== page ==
Conventional thinking suggests that the most massive black holes possess a ringed doughnut-shaped torus of gas and dust trapped in orbit around them. But if we know one thing about black holes, they're anything but conventional.
Now, astronomers have analyzed data from NASA's Wide-field Infrared Survey Explorer (WISE) of thousands of supermassive black holes to find that the "torus model" may be woefully inadequate when explaining what is actually going on.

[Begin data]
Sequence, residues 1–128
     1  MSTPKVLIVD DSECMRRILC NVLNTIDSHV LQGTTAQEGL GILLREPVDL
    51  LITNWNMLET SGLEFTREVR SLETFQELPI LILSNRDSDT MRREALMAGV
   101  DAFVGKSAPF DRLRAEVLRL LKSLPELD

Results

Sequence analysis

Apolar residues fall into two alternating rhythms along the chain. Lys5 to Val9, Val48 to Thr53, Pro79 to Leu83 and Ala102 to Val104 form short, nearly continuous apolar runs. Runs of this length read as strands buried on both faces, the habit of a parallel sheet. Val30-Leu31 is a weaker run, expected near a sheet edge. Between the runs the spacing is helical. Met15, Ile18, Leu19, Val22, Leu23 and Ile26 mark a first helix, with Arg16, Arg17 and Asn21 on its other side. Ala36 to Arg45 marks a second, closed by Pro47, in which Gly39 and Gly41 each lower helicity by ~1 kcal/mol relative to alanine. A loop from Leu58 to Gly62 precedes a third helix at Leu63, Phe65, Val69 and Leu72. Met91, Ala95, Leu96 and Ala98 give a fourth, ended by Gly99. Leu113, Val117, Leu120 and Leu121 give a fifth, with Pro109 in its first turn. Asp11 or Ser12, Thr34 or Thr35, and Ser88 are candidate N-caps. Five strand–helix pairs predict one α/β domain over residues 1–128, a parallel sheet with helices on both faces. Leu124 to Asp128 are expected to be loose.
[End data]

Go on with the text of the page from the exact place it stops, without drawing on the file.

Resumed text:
ANALYSIS: Lasers to Solve the Black Hole Information Paradox?
Most galaxies appear to contain a supermassive black hole in their cores. With masses in the realms of millions to billions of solar masses, these objects truly are the heavyweights of our Universe. With all this mass comes a powerful gravitational field that dominates galactic cores, pulling in any matter - stars, planets, dust, gas, possibly unlucky extraterrestrials - to the black hole's event horizon.
Interactions between infalling matter and the supermassive black holes can generate huge quantities of energy, creating what are known as active galactic nuclei, making the effects of the black hole easy to observe.